This high degree of sequence similarity was also observed in the ∼5 kb igaB genes in the clonal strains (Table 1) while the iga protease gene is quite variable, among strains of H. influenzae. We examined the predicted amino acid sequences of the iga protease genes from 3 strains isolated from children with otitis media. The IgA protease from strain 86-028NP (accession # YP_248687.1) is 67% identical to the protein from strain R2846 (accession # ADO96711) and 66% identical to the protein from strain PittEE (accession #YP_001291115). The R2846 and PittEE proteases were 70% identical. These numbers are in marked contrast to the near identity of the IgAB protease sequences in clonal strains. H. influenzae shows marked variability in its natural competence among strains [46]. We speculate that the clonal strains have evolved mechanisms to maintain the stability of its genome to adapt to the human respiratory tract in COPD, including maintaining the ability to express IgAB protease, given the association of the presence of igaB with COPD strains.

H. influenzae igaB is homologous with Neisseria meningitidis iga that encodes IgA protease and the G+C content of igaB is intermediate between that of H. influenzae and Neisseria. A BLAST search of the regions flanking igaB revealed homology with IS4-like transposase both upstream and downstream of the gene [28]. We conclude that H. influenzae acquired the igaB locus from N. meningitidis, an organism that shares the ecological niche of the human upper respiratory tract, based on three observations: 1) the homology between the igaB and the meningococcus IgA protease genes, 2) the G+C content of igaB that is intermediate between that of H. influenzae and N. meningitidis and 3) the degenerate transposase sequences flanking igaB the 20 kb inversion surrounding igaB.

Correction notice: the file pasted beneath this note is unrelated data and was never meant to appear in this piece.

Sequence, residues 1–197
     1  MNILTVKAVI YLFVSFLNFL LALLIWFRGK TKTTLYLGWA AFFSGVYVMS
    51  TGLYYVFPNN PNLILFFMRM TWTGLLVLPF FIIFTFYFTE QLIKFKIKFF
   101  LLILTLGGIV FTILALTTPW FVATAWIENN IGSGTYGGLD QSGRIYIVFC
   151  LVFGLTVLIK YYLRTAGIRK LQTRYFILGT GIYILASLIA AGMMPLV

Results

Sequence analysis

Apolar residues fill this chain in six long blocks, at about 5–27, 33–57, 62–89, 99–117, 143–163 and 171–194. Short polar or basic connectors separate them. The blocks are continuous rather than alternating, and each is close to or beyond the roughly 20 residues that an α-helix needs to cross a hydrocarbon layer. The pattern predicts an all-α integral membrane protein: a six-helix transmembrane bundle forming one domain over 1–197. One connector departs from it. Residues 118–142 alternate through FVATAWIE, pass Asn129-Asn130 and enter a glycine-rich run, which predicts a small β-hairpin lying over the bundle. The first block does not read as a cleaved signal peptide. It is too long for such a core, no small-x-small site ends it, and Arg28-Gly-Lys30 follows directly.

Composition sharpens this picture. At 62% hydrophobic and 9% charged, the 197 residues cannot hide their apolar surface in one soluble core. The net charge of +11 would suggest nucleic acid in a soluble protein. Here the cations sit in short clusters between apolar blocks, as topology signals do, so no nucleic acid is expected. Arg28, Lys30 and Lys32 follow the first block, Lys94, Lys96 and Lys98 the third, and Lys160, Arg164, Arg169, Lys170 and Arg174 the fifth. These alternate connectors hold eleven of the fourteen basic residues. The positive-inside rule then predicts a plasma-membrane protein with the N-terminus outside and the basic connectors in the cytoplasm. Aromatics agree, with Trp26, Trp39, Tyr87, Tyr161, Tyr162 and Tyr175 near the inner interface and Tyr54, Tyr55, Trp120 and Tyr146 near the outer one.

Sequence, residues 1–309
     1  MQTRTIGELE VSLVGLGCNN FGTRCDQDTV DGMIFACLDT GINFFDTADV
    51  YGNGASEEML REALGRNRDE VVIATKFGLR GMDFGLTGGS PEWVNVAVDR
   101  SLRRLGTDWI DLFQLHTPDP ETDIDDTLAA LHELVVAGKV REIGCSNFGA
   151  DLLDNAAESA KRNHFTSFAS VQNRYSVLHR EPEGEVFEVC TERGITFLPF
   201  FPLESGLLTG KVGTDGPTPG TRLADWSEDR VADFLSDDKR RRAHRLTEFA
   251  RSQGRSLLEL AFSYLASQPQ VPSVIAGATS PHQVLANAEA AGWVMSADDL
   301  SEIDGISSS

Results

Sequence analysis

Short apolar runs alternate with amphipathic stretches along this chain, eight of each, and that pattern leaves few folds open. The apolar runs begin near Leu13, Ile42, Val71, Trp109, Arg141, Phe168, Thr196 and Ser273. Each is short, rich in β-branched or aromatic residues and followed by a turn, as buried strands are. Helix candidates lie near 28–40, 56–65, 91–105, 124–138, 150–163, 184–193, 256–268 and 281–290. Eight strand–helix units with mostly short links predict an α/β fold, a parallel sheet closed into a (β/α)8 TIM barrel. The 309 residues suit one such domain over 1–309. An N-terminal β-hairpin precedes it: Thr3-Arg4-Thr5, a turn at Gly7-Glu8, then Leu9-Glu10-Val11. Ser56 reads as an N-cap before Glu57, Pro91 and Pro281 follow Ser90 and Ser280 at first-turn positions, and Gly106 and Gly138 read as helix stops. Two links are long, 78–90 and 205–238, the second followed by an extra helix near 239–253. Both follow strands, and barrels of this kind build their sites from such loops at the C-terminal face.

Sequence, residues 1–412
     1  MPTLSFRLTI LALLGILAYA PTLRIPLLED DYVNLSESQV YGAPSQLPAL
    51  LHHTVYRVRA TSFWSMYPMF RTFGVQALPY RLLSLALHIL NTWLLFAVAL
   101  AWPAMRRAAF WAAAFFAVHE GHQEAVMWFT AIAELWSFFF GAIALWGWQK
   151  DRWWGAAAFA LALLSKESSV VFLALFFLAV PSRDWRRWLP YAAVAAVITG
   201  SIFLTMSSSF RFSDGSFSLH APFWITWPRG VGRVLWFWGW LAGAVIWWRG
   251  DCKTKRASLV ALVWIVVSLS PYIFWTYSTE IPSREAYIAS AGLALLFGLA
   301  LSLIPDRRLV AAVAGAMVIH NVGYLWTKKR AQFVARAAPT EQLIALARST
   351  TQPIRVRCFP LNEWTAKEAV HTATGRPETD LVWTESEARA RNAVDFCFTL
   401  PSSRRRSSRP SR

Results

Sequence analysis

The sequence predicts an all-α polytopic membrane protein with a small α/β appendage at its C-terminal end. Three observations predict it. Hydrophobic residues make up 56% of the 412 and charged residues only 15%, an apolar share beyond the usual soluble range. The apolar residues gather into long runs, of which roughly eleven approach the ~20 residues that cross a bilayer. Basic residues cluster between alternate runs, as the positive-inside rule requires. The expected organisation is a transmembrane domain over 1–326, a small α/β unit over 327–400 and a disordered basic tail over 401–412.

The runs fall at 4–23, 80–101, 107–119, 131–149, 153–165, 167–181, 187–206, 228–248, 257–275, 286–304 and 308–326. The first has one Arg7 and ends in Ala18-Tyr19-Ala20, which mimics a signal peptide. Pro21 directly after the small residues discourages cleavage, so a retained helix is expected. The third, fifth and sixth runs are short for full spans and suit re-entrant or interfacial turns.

Analysis of sequences that surround igaB in strains 11P6H and 2019 revealed the presence of an ∼20 kb inversion (HI0164–HI0183) immediately upstream of igaB. Analysis of surrounding sequences in additional strains using PCR showed the presence of the same inversion in 20 of 20 strains that contain the igaB gene. Furthermore, PCR analysis of additional strains that lack igaB revealed the same gene order in 10 of 10 strains compared to strains Rd and 86-028NP which lack the igaB gene. Thus we conclude that the HI0164–HI0183 inversion occurred when H. influenzae igaB was acquired from N. meningitidis and that this inversion occurred exclusively when the igaB was acquired.

Erwin et al [8] analyzed genetic relatedness of H. influenzae by MLST and identified 13 clades among 656 strains including 322 nontypeable strains. Sixty percent of nontypeable strains could be placed into one of the 13 clades. There is no obvious phylogenetic clustering of strains in the database based on clinical site of isolation (e.g., middle ear, sputum, blood) or clinical status of the patient. In the course of identifying the clonal group, we determined MLST on 29 independent COPD strains. MLST 159 strains are in clade 13 as are both of the related MLST 107 strains. The remaining 17 isolates showed wide distribution; 4 were each in separate clades. The remaining strains were MLST types that did not fall into any of the defined clades or belonged to new MLST types that were defined subsequent to the analysis published in 2008. Thus the observation that ST 159 clonal strains made up ∼10% of independent strains isolated from adults with COPD indicates that these clonally related strains are over represented in COPD providing support for the concept that these clonally related strains are adapted for colonization and infection of the airways in COPD.